For over a decade, Smithsonian's Arctic Studies Center archaeologist, William Fitzhugh, has been investigating an early European whaling site at Hare Harbor in Québec, Canada. The site has revealed important contact and trading relationships between the Inuit peoples of Northern Canada and the European Basque Whalers of France and Spain.
In the late 1600s, Basque ships returned to Hare Harbor. The first archaeological evidence of this second wave of Basque activity came with a discovery near Harrington Harbor. In 2001 Smithsonian archaeologists located Basque remnants at Hare Harbor on Petit Mécatina. Excavations between 2002 through 2011 have shown that this site was a whaling and fishing station occupied by Basque and Inuit assistants ca. 1680-1730. Archaeologists uncovered a cookhouse, a blacksmith shop, and the remains of several Inuit winter houses (above right). In the harbor, an underwater site contained large piles of ballast, butchered whalebones and other cultural materials like ceramic vessels, roof tiles and barrel parts.
A cache of stone blades discovered at Kegaska indicates that early Innu peoples living here ca. 1000 AD were in contact with peoples of Ramah Bay in northern Labrador. At right, the Arctic Studies Center's Lauren Marr displays an ancient Maritime Archaic Indian point made of Ramah Chert.
About 2,500 years ago cold climate brought the first Inuit peoples into the Gulf of St. Lawrence. Early Eskimo groups, known as Groswater Dorset, occupied many sites along the Lower North Shore, and as far west as Cape Whittle. With warming climates these Eskimo groups retreated north and were replaced with Innu (Indian) peoples.
Inuit tragedy uncovered at the site: In 2008, excavations revealed the burned remains of an early 18th century Labrador Inuit winter house directly beneath the floor of the Basque blacksmith shop. By 1700 some groups of Inuit were being employed as hunters and camp assistants by the Basques at Hare Harbor. One winter soon after the Basque station had been established, the Basques returned to Europe, leaving an Inuit family behind to guard their station. Sometime that winter French and Indians attacked. According to a report from 1729 all were killed except an Inuit woman and a young boy, who were sent to Québec. Archaeologists surmise that later in the summer of 1729, when the Basque returned, they found their Inuit family dead. Over the remains of the Inuit house, they subsequently built a blacksmith shop. Indian and Europeans soon pushed other Inuit groups out of the Gulf and north into central Labrador. In the 18th/19th centuries, a few Inuit families returned to the Gulf and settled in St. Augustine and neighboring towns.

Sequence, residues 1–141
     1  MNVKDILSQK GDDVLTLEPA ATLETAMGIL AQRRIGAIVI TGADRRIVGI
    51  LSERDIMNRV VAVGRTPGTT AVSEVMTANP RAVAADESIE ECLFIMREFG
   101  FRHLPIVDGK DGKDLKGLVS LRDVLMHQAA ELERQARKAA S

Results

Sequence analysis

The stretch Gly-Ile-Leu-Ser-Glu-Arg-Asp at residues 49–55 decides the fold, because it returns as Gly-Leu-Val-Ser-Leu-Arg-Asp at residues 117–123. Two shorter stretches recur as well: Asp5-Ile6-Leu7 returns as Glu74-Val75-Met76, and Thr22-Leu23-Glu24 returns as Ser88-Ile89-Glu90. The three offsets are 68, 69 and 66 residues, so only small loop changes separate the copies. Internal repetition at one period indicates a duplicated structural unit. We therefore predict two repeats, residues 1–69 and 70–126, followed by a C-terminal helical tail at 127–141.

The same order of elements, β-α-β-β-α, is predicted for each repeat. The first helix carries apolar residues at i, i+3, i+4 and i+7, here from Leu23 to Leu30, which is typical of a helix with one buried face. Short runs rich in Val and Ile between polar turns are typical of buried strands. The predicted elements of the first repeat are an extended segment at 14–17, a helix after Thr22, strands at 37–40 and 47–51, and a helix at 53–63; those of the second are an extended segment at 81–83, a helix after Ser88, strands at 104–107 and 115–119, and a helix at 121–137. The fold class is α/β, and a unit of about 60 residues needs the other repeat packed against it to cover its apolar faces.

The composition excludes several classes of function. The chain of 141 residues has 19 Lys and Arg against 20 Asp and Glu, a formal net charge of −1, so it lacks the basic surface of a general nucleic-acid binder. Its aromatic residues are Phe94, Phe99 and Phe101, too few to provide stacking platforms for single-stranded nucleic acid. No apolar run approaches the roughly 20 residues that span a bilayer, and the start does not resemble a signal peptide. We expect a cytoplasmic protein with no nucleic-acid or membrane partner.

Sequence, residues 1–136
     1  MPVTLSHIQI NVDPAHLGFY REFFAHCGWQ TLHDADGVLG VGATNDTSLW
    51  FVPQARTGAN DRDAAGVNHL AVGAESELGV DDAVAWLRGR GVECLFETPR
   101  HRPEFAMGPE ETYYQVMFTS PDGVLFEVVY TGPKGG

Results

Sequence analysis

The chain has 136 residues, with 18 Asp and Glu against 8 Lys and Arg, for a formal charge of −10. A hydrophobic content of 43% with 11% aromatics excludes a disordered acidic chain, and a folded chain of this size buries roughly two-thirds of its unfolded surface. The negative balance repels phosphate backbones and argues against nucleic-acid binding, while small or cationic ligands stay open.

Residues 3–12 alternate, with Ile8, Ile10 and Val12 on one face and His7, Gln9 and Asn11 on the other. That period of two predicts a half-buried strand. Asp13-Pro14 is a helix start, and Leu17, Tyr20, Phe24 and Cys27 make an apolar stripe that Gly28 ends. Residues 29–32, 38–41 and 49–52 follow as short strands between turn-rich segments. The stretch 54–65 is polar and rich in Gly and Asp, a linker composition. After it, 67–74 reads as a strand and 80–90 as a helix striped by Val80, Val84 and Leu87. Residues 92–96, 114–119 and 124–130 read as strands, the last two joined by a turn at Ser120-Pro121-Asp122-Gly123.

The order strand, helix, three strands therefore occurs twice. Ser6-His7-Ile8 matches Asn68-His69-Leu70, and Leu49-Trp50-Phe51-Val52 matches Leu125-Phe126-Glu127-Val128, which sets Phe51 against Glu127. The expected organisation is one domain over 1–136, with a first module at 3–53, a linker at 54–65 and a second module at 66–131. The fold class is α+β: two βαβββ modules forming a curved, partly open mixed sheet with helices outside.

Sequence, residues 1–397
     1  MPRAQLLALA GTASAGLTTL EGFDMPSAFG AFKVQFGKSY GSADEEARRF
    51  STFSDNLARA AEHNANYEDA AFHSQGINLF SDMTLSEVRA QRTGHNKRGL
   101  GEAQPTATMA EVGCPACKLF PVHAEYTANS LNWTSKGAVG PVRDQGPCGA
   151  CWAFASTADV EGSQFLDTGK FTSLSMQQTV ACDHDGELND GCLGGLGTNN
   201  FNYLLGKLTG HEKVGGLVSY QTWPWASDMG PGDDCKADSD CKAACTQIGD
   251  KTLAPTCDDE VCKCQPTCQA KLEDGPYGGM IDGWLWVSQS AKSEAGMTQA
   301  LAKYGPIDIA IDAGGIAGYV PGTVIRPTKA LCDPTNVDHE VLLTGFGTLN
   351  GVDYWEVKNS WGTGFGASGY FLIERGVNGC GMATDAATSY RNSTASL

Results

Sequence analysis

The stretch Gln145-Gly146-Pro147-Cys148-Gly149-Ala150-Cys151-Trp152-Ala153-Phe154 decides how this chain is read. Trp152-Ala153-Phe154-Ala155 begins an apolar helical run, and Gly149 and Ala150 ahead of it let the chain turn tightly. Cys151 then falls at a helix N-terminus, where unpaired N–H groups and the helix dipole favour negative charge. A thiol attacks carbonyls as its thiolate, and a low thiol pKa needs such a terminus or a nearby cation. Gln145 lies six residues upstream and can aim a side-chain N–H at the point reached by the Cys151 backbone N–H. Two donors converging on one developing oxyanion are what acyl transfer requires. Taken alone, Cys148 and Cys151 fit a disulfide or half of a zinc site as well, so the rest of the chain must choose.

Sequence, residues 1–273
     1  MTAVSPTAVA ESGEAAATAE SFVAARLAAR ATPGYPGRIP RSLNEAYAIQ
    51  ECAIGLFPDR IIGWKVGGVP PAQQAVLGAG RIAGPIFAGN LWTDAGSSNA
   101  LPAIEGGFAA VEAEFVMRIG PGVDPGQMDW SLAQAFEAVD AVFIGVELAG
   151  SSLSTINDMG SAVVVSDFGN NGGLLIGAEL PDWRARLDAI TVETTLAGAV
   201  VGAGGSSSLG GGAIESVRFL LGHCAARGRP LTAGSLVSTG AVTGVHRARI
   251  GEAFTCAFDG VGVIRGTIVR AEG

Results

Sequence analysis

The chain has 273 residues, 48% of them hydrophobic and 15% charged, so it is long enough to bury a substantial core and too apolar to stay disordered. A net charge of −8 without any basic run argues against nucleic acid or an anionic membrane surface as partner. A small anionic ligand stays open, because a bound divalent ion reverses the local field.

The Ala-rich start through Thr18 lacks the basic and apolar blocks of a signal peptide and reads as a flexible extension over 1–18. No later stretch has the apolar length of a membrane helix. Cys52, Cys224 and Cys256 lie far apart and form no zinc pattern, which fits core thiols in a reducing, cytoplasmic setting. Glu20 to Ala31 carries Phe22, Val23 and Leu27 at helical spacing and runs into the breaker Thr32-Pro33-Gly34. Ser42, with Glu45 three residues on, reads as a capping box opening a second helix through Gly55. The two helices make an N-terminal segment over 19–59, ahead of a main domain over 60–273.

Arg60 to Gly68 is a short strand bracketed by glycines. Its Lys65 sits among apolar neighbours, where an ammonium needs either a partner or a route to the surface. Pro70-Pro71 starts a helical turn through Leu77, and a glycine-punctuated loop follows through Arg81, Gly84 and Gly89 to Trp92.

The Smithsonian Arctic Studies Center (ASC), established in 1988, is the only U.S. government program with a special focus on northern cultural research and education. The center is a part of the Department of Anthropology in the National Museum of Natural History. Having pursued northern studies since the 1850s, the Smithsonian possesses one of the world’s finest anthropological collections from Arctic and sub-Arctic regions. Research at the ASC seeks to bring its researchers together with community scholars in the collaborative exploration of the cultural heritage represented in these impressive collections.